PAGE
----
I'm going to finish up this series talking about the ultimate blankets: charity quilts. When I bought my first longarm it arrived the week before Hurricane Katrina hit Louisiana and Alabama. You may remember that there was a huge quilt drive for Katrina quilts. I think that actually got really out of hand but I saw a great opportunity to practice on my new longarm and jumped right in. I bought a couple of quilt tops off eBay and got a few from my guild members.
I'm happy to tell you that I don't have any photos of those quilts. The quilting was pretty awful but they got done and I got practice!
New longarm owners often seek out charity quilts for practice and that's a great thing but you have to be careful that your charity quilting doesn't start to overwhelm you.
Set some rules around your charity quilting.
I quilt a lot of charity quilts for my quilt club. We donate lap size quilts to the local VA hospital. We've been doing it for several years and finish about 60 quilts each year. I decided that quilting them would be my contribution to charity quilting in addition to making 2 QOV quilts each year. I quilt up to 40 of the veterans quilts each year and I'm able to do that because I set some rules. Before you accept your first charity quilt you need to set some rules too or else you will be set up for burn out.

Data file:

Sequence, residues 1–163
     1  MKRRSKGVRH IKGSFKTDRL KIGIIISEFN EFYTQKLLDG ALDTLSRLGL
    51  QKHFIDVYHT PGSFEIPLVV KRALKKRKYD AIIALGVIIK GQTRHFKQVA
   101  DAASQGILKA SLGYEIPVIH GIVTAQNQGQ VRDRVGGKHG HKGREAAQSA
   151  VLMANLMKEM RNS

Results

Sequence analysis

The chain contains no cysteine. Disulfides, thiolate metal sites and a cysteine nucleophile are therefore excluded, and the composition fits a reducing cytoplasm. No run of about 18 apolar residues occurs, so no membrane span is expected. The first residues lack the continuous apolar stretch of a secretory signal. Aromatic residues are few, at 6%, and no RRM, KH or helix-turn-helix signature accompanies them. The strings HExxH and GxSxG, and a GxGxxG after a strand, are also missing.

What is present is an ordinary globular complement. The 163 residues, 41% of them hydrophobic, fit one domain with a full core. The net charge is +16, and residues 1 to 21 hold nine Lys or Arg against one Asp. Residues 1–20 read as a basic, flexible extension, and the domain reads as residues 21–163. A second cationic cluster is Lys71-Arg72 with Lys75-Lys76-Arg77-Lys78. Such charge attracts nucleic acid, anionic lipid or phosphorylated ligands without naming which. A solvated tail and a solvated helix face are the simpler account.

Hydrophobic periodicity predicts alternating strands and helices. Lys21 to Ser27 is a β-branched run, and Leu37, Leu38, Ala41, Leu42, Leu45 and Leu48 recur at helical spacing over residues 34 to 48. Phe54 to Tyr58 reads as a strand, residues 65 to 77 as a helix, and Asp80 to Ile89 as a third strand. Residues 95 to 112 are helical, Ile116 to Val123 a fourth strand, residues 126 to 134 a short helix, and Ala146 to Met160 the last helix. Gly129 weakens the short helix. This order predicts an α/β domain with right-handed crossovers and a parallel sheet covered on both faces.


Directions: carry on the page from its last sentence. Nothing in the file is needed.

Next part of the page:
Here are my rules for the quilters:
Here are my rules for myself:
I don't have any problems with people trying to guilt me into quilting. Several of our members make quilts for other organizations. I don't quilt those quilts. Occasionally we make a large raffle quilt and I don't quilt those either. I've set the veterans quilts as my contribution.
You cannot do everything. Maybe your contribution will be baby quilts for the local hospital or the one raffle quilt that your guild makes every year or pet pads for the local shelter. Find the cause that is meaningful for you and doable with your schedule and focus on that. Here's what you say to everyone else:
"I'm sorry, I have quilts to fill my charity quota for the year. Do you want me to put you on the list for next year? I can call you when I'm ready to take another if you still have it them."
"I'm sorry, I can't commit to that deadline. I do charity quilts when I have time between my customer/personal quilts. It could be as long as 6 months before I can get to it."
"No, I'm sorry, I don't custom quilt charity quilts. I select the design and thread. If you need a specific design you will likely have to pay someone to quilt it for you."
It's also perfectly OK for you to decline to do any charity quilting. Do not let anyone guilt you into doing any quilt that you don't want to do.
Be firm about your rules to maintain your sanity. Remember that you are doing someone a favor. No one has any right to use your time for free without your full willingness.
I hope you've enjoyed the series this week. As I said Monday, this is a series that I've been wanting to writes for a long time. It's all the information that I wish someone has told me when I bought my first longarm in 2005.
In a couple of weeks I'll move all of these posts over to the tutorial section of the web so that they will be easier to find. On Monday we will be back to regular programming!
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I'm Vicki Welsh and I've been making things as long as I can remember. I used to be a garment maker but transitioned to quilts about 20 years ago. Currently I'm into fabric dyeing, quilting, Zentangle, fabric postcards, fused glass and mosaic. I document my adventures here.